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Buddhadharma : Summer 2015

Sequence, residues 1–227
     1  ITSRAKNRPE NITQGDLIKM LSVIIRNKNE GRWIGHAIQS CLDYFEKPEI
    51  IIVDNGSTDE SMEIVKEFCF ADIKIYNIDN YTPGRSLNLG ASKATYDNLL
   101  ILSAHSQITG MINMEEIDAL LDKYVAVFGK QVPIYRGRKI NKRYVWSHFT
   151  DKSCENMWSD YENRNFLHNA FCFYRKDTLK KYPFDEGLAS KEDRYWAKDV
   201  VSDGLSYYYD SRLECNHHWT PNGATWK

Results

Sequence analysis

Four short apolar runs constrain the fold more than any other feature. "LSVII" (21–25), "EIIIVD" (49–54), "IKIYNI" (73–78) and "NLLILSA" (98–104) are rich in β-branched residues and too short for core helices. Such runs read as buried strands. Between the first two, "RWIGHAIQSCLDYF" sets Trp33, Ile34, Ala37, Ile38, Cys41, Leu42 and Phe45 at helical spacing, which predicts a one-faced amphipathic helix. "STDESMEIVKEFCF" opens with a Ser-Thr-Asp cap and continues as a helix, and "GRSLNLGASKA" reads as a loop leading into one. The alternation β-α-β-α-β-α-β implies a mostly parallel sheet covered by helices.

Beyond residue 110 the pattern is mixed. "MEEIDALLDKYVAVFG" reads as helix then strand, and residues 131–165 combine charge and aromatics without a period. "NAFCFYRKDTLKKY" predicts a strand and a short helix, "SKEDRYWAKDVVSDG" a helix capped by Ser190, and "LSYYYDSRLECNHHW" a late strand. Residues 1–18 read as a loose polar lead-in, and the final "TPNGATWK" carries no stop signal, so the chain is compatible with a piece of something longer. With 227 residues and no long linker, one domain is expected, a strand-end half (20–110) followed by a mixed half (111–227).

22 buddhadharma: the practitioner’s quarterly summer 2 0 1 5 In 2012, Portland’s Dharma Rain Zen Center (DRZC) made the first move to alter the course of half of that Brownfield property when it decided to leave its home of twenty- five years and purchase fourteen acres. With the support of Portland’s Brownfield Program, which helps devel- opers with potentially contaminated land, Dharma Rain has been restoring the land and building a multiuse facility. Jenn Bildersee, Program Coordinator of the Brownfield Program, says, “While landfills are traditionally approached as, at best, blank slates that can be capped for rede- velopment, the DRZC’s plans tap into the site’s unique opportunities for ecological renewal, community access to open space, and creative design response to environ- mental concerns.” In addition to a traditionally built Zen center, there will be a park and wildlife cor- ridor, an oak grove, community gardens, a preschool, bike paths away from the busy neighboring road, and a small block of resi- dential properties. The buildings will have light profiles, without the deep footprints of big-box stores, and the reclaimed land will be a haven for native plants and wildlife. The temple and the site will be a public resource, with public park space and a vari- ety of daily classes, programs, and events that will be open to all. in Focus planting zen in portland by vivien shotwell fFOR ALMOST FiFTy yEARS, until 1983, a twenty-six-acre plot of land in Portland, Oregon, was used as a gravel pit and con- struction landfill. For thirty more years, the Brownfield property called Siskiyou Square, capped with clay and soil, remained vacant. Developers were wary. The likeliest candi- date seemed a big-box store like Walmart or Target, because only a large company would be willing to take on the expense of building on environmentally damaged land, with its potential for methane explosions and seismic instability. When Walmart showed interest, however, neighboring communities protested. They wanted some- thing more enriching. (Top) Aerial view of Siskiyou Square (Above) Kakumyo Lowe- Charde (right) planting with volunteers on the site PHOTO(lEFT)KenbarKer(top)photoKenbarKer,ARCHITECTURAlRENDERINgmichaelhowellsarchitecture&desin;(inset)schemataworKshop;(TOPRIgHT)JimhencKe